Tennessee is also creating a six-part documentary series that will air on television channels statewide throughout the five-year celebration, starting Nov. 12-13.

Compelling tales and sagas can be found all along the state’s Civil War Trail.

“We’ve uncovered some really great stories,” said Cindy Dupree, director of communications for the Department of Tourist Development. “For example, Niota, known as Mossy Creek during the war, has one of the era’s only train depots still intact. It was built in 1854, used by federal forces during the fighting and is now Tennessee’s oldest railroad depot.”

In Dover, Union soldiers set fire to the town and church in 1863. As the church was burning, a Union soldier saw the Bible on the altar and rescued it. He took it home to Pennsylvania, and in 1928, the soldier’s family returned the Bible to that church, where it is currently displayed.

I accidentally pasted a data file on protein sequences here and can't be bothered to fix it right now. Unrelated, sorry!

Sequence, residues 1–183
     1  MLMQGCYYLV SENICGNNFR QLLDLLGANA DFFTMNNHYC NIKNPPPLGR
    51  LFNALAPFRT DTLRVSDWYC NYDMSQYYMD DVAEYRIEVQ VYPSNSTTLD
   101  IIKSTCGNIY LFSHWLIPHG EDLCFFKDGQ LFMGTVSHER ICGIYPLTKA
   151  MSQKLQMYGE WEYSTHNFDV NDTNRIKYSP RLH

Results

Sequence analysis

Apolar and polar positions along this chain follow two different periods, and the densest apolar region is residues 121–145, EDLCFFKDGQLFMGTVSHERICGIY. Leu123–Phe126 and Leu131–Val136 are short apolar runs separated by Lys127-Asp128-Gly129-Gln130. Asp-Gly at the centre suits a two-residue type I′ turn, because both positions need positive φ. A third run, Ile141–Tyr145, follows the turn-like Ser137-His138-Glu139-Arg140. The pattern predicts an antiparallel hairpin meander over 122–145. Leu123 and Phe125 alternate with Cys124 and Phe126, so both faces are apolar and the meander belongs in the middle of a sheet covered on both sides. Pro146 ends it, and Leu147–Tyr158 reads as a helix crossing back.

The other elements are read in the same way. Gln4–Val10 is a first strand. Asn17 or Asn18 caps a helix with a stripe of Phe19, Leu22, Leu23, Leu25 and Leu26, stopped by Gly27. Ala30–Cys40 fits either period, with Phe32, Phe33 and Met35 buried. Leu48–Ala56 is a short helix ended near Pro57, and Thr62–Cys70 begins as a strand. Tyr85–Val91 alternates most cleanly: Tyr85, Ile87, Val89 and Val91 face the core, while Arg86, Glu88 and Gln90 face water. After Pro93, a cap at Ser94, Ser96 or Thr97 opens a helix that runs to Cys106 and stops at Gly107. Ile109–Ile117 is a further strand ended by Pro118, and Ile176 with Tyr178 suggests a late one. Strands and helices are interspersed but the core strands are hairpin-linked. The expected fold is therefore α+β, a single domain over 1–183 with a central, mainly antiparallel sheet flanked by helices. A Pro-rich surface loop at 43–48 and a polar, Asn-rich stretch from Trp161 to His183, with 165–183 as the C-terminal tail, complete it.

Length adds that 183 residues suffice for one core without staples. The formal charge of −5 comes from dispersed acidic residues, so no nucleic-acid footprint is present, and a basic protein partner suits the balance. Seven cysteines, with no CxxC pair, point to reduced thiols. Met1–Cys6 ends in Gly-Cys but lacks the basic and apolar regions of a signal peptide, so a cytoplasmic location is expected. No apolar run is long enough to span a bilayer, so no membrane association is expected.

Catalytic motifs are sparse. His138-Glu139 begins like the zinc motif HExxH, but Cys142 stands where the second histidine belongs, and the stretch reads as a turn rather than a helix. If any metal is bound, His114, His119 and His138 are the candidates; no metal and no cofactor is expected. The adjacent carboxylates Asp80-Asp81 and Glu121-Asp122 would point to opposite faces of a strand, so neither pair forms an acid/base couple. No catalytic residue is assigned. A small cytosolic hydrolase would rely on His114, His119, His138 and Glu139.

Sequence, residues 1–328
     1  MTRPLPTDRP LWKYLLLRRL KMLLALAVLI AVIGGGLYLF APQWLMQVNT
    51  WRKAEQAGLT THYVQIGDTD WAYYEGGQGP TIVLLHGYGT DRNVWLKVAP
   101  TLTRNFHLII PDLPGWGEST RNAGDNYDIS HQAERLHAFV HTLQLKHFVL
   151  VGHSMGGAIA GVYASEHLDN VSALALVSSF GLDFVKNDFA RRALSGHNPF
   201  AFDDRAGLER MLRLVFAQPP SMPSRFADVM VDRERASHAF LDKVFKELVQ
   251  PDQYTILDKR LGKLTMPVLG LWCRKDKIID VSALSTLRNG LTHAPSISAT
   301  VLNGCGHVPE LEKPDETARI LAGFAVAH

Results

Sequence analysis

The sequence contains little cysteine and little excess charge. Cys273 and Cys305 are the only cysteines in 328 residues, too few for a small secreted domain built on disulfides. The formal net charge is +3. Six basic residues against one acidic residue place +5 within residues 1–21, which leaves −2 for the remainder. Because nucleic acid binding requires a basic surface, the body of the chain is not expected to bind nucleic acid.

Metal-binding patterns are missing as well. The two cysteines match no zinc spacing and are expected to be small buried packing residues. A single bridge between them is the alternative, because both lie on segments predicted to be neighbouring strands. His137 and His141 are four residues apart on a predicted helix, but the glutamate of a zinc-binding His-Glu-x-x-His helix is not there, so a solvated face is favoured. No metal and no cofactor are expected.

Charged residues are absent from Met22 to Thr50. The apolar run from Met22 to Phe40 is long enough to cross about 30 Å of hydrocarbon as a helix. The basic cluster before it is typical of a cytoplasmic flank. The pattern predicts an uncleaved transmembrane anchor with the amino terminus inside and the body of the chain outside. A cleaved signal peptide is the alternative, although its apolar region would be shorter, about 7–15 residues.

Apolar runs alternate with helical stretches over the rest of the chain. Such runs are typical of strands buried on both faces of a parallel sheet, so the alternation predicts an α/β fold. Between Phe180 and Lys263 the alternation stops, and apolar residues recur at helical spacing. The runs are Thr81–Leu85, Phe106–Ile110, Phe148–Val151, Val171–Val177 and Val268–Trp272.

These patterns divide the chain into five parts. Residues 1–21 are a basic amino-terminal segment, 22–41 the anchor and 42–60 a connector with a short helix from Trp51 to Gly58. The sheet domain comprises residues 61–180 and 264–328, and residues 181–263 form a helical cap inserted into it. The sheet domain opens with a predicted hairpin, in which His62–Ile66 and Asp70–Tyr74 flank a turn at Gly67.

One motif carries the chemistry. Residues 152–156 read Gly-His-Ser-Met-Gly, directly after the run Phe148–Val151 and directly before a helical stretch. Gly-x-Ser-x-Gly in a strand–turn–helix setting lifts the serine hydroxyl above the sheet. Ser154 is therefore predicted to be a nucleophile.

Originally named Dover Methodist Church, the church changed its name in 1897 to Fort Donelson Memorial Methodist Church to honor the Confederate and Union soldiers who lost their lives during the battles of Fort Donelson and Dover.

Sesquicentennial plans

Anniversary activities will gear up in the fall of 2011 at Fort Donelson. The pivotal loss at Fort Donelson by the Confederates allowed Union gunboats unobstructed access from the Cumberland and Ohio rivers through Nashville. As a direct consequence, Nashville was the first Confederate state capital to be overtaken.

Courtesy Tennessee Dept. of Tourism